Trainer Recommendations: To prepare for hours on the ice pursuing his hockey goal, Carstensen will rely on the same type of progressive workouts Voskuil drew up for Gonzalez. But to prepare for quick, intense bursts of speed, he will spend more time training in higher heart-rate zones.

Takeaway Wisdom: Voskuil predicts that after six weeks of cardio workouts, Carstensen will have increased his efficiency by expanding his aerobic base enough that he’ll have to run, rather than walk, to elevate his heart rate to his AT.

John Tanner

Body Specs: 6 feet 1 inch, 220 pounds
Goal: To maintain a feel-good level of fitness and flexibility, and to ward off potential heart problems.
Obstacle: Slipping fitness into a busy schedule.
Fitness Background: Tanner knows that focusing on fitness will help him stay active as he ages, but to date, he hasn’t developed an organized strategy. His training schedule is erratic, with cardio sessions that don’t challenge his heart rate and weight-training sessions that leave him exhausted.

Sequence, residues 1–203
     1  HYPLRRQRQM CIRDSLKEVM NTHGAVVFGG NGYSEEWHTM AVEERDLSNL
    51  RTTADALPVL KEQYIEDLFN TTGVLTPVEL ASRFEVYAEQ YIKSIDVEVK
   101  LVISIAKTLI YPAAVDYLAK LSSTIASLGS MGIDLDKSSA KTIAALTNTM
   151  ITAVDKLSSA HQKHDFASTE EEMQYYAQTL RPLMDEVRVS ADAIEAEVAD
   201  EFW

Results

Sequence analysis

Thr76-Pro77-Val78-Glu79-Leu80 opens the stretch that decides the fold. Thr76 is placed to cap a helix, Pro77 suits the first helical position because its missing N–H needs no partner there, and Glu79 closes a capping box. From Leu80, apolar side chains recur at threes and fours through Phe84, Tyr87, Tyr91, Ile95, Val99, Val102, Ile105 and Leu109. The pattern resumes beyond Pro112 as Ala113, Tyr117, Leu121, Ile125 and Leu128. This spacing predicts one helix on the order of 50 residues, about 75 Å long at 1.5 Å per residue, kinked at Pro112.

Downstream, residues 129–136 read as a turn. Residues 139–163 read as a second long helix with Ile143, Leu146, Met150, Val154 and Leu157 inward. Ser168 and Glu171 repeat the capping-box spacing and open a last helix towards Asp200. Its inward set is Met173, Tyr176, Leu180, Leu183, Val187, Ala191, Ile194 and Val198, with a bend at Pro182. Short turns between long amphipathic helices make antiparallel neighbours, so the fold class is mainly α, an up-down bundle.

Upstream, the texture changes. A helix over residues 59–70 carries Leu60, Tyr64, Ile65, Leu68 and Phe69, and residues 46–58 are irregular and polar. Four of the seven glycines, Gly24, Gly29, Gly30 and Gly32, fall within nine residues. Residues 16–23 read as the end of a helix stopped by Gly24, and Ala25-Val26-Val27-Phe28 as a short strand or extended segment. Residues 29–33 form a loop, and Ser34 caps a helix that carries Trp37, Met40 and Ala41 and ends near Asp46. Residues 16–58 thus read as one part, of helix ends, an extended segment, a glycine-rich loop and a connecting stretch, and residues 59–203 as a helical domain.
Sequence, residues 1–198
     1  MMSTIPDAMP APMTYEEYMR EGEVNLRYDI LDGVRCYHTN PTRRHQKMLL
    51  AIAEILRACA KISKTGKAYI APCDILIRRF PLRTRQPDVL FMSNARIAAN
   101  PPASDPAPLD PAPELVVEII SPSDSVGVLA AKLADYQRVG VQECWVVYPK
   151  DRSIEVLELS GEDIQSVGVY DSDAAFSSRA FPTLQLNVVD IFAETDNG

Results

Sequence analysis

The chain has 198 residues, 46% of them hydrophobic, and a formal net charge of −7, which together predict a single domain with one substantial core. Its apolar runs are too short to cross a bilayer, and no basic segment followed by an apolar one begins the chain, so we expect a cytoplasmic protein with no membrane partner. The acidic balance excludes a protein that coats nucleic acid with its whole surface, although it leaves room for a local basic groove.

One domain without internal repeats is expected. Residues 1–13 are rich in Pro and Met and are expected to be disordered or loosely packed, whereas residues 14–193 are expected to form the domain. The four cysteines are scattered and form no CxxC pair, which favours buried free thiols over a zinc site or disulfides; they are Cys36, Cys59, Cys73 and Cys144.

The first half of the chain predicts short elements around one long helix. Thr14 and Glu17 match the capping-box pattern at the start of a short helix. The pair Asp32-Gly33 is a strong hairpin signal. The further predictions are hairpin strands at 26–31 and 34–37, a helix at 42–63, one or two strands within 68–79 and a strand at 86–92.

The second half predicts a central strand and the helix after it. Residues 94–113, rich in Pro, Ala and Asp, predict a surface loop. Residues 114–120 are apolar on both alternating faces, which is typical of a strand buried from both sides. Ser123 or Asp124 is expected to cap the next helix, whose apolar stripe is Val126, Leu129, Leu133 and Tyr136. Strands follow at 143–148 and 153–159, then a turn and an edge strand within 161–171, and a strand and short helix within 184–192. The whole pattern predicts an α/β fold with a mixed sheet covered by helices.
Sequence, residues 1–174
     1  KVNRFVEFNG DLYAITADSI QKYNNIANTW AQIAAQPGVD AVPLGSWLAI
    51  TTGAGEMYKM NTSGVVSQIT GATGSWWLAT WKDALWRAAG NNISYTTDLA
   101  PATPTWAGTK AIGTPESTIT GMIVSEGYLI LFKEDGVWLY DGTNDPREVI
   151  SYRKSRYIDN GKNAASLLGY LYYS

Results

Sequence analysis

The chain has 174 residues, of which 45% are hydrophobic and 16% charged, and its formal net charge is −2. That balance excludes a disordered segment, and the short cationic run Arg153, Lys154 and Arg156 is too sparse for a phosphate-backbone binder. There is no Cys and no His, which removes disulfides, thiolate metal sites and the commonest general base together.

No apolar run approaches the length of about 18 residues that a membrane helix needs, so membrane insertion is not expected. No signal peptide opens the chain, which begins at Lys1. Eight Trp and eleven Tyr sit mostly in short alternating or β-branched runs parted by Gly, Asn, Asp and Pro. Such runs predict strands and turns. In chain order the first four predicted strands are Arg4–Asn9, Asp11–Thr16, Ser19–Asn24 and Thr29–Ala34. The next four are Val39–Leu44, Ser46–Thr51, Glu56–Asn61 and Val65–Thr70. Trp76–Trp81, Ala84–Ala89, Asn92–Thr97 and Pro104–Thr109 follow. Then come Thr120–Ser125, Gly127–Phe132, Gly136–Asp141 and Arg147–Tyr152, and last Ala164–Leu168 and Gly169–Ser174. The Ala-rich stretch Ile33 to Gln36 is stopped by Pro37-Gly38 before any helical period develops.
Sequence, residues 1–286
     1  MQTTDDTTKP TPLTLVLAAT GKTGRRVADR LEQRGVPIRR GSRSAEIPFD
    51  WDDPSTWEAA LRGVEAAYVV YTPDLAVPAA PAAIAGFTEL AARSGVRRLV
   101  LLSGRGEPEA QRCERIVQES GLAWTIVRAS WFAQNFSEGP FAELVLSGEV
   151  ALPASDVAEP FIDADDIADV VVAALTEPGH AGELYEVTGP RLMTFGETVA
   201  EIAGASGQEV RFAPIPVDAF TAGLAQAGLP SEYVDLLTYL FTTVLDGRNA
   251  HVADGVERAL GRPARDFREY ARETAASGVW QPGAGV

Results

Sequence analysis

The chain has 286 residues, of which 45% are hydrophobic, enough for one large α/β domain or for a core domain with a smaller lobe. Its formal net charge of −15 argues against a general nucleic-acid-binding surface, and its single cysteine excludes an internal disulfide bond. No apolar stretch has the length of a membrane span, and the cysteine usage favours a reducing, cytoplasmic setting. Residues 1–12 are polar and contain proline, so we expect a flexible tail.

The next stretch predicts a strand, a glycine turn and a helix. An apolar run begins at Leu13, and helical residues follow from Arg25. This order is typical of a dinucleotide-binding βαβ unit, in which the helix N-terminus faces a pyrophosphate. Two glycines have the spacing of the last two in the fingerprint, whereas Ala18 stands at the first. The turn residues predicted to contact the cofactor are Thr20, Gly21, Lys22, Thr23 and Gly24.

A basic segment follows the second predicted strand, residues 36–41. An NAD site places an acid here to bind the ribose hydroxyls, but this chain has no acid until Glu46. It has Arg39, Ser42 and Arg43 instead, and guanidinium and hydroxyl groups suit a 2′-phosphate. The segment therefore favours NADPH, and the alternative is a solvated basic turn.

Resting Metabolic Rate: 2,064 calories per day, with 36 percent coming from fat, 64 percent from carbs.
Aerobic Base: 121 bpm; at this point, he was burning 7.3 calories per minute. Of those calories, 62 percent (4.5 calories) came from fat.
Anaerobic Threshold: 138 bpm; at this point, he was burning 11.4 calories a minute, but only 28 percent (3.2 calories) came from fat.
VO2 Max: At 32.8 ml/kg/min., Tanner’s score falls into th “average” range.

Trainer Recommendations: Voskuil once again recommended progressive cardio workouts based on the subject’s heart-rate zones. By learning to push himself a little harder than he had been, Tanner will keep his heart healthy.

Takeaway Wisdom: For most nonathletes, including Tanner, the goal of a cardio program is to exercise at higher heart rates (increasing the total number of calories burned) while burning a higher percentage of fat. As your body becomes more fit, it becomes more efficient. Initially, it might take an hour to walk three miles and burn 300 calories. As you build speed and endurance, you’ll likely be able to cover the same distance in less time (say, 45 minutes), while burning the same number of calories – and more of them will come from fat.

Sheila Mulrooney Eldred does her writing and AT training in Minneapolis. The June issue of Experience Life will feature her coverage of the flexibility test completed by Carstensen, Gonzalez and Tanner.